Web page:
On March 19–23, AUB witnessed the launch of its first ever AUB Philanthropy Week. This flagship event aimed at raising awareness around the spirit of giving and the positive impact this can have on communities, both within and outside the university. It was also a celebration of the generosity of the many donors who have contributed to the betterment of the university.
The diverse and interactive program of activities included a launch concert on Monday, featuring grassroots band Waynick; a quiz night “Battle of the Brainiacs" on Tuesday, during which deans and students competed; a symposium under the title of “Building a Culture of Philanthropy" on Wednesday; an exhibition featuring special collections donated to AUB on Thursday at the Jafet Library lobby entitled “Compendiums of Giving;" field games and a friendly football match between faculty and students on the same day; and finally the closing ceremony on Friday.
The symposium's purpose was to highlight the different types of philanthropy at work in AUB and how they help build a culture of giving on campus. It was attended by several key members of the AUB community, including President Fadlo R. Khuri, Provost Mohamed Harajli, Trustee Emeritus Ali Ghandour, and Vice President for Advancement Imad Baalbaki; in addition to faculty, staff members, students, and alumni.
AUB alumnus and media figure Ricardo Karam welcomed the attendees, saying, “AUB's vision of philanthropy is not about seeing there is a single model that works for everyone. The cultural environment at AUB is one of huge complexity, so today we shall be discussing various topics to help AUB community address its needs in a carefully tailored way, on how to build a culture of philanthropy."
Dr. Fadlo R. Khuri then delivered his opening remarks, saying, “What Philanthropy Week allows us to do is then dig into the meaning of what giving entails, and what it means for this community to have people who give to us. AUB would be a very different place, but for the philanthropy that rebuilt College Hall after it was blown up, or that built the Charles Hostler Student Center, or the Olayan School of Business, or what will fund and is starting to fund the transformative work at the Maroun Semaan Faculty of Engineering and Architecture, or the Precision Medicine Center, or the ten scholarships that we just got for the Faculty of Agricultural and Food Sciences, or the Sheikh Al-Nahyan Chair in the Faculty of Arts and Sciences. All of these, in addition to supporting literally thousands of students each year from underrepresented areas to attend this outstanding school of higher education. Indeed AUB and its future as a place of excellence in education and research is built on and predicated on philanthropy."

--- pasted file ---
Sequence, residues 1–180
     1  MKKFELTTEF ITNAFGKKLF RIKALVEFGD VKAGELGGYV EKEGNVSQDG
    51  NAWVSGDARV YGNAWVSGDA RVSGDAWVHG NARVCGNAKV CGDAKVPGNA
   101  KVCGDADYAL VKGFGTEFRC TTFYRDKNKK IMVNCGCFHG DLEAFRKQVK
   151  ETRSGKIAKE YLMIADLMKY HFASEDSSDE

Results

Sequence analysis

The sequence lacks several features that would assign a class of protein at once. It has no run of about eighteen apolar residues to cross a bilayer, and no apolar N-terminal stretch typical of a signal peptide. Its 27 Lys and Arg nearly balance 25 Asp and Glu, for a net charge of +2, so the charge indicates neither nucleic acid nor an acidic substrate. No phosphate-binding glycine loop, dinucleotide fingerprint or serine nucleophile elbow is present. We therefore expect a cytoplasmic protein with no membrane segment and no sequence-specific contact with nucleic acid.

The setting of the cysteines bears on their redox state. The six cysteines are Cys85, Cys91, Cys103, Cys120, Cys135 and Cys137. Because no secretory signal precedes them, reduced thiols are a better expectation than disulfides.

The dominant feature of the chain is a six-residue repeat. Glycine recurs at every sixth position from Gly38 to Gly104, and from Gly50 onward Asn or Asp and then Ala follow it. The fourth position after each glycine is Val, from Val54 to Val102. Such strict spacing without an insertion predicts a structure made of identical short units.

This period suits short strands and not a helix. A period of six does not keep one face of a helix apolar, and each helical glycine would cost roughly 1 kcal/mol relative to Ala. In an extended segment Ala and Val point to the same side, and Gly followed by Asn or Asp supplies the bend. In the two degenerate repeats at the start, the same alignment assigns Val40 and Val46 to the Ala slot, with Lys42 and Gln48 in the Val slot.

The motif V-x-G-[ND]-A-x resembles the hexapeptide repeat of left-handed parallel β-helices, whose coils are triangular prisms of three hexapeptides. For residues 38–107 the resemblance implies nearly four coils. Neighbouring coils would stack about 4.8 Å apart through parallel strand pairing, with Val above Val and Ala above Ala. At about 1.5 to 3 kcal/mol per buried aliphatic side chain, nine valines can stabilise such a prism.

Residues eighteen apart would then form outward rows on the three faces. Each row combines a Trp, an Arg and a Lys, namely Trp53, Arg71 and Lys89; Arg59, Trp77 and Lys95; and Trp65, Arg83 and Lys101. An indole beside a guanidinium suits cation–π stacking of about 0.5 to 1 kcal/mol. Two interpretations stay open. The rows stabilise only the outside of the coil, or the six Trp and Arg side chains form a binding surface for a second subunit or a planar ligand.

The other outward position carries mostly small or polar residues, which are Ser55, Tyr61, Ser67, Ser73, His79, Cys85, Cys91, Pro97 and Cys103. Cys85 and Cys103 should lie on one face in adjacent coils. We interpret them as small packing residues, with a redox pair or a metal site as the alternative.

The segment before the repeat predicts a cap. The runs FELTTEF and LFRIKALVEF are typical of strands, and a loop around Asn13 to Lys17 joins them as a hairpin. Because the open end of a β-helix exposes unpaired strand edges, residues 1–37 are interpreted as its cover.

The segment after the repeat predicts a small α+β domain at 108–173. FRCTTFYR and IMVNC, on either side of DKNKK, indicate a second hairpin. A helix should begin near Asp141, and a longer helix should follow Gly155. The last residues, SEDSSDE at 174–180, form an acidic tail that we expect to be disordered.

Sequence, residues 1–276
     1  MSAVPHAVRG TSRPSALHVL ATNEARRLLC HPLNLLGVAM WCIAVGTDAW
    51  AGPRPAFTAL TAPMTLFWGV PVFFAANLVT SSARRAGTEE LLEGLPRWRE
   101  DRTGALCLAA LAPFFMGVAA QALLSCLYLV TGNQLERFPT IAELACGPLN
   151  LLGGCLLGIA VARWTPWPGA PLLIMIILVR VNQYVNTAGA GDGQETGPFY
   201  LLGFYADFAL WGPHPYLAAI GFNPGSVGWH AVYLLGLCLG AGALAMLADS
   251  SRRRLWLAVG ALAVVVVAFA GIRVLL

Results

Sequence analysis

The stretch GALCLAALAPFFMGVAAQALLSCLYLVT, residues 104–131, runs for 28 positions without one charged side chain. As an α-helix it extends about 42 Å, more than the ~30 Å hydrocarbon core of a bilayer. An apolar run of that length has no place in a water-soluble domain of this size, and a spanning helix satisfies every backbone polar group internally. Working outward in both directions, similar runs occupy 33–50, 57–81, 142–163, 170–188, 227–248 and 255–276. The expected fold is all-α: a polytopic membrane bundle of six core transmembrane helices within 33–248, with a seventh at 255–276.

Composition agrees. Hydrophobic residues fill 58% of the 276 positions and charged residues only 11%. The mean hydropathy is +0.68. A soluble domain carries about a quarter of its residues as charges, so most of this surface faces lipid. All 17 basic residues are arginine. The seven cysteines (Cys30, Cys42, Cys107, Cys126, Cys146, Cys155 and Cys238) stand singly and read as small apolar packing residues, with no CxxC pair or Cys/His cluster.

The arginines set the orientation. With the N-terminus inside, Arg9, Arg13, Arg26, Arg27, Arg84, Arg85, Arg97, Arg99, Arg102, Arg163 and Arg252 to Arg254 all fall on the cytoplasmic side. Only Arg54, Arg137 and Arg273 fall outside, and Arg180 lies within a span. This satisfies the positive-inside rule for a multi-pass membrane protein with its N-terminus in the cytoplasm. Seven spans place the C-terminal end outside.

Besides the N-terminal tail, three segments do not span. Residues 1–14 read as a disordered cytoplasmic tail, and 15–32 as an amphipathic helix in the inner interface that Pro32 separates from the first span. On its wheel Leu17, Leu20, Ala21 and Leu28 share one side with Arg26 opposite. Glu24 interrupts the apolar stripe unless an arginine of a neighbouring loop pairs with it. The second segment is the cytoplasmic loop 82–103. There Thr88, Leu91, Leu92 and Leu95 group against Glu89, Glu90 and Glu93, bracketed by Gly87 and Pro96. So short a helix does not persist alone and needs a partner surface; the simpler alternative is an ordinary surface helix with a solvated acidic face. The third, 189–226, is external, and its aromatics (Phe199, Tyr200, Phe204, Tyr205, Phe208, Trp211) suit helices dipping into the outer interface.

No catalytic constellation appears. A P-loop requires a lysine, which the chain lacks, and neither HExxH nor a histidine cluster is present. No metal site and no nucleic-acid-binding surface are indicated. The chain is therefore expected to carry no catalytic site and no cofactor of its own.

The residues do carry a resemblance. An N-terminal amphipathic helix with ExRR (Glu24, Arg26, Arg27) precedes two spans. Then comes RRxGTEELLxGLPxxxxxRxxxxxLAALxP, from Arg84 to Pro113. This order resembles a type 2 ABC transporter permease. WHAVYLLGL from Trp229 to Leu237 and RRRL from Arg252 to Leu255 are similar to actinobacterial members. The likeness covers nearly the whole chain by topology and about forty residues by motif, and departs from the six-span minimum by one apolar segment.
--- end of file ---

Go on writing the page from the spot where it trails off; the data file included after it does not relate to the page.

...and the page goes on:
Khuri then spoke about the structure and content of the symposium. “There are four elements of philanthropy that we are here to celebrate and delve into at this symposium dedicated to the idea of building a culture of philanthropy at AUB. The first is how you can provide life-changing opportunities for people from less privileged backgrounds with scholarships—and we can see every day how that does not just benefit the recipients but in fact the institution which welcomes them in its midst. We're very different, and I must say, a much better place, because we are more inclusive. Second we will see how young people's lives are changed by the act of volunteering in the name of the public and the impact that it has on others (how does volunteering and giving transform your life). Third, we will see how philanthropy is embedded in the programs of AUB, as we seek to build better communities and lived-in environments, with better healthcare, and opportunities. Fourth and finally, we are going to see how philanthropy becomes a core value in our collective value system, in our student clubs and extracurricular activities."
The symposium continued with the first panel, which included three AUB students who have benefited from scholarships of philanthropic programs at the university, and who are active in being agents of change in their communities, countries, and regions. Other panels included Director of the Center for Civic Engagement and Community Service (CCECS) at AUB Rabih Shibli, as well as representatives from different faculties at the university, United Nations Children's Fund (UNICEF), AISEC, and the United States Agency for International Development (USAID).
A special competition was also taking place on social media with riddles to solve about AUB buildings, in which more than 250 AUB members participated. The winners were announced during the closing ceremony on Friday. Visual tags were placed all around campus on buildings and facilities that were made possible through the generosity of AUB's donors.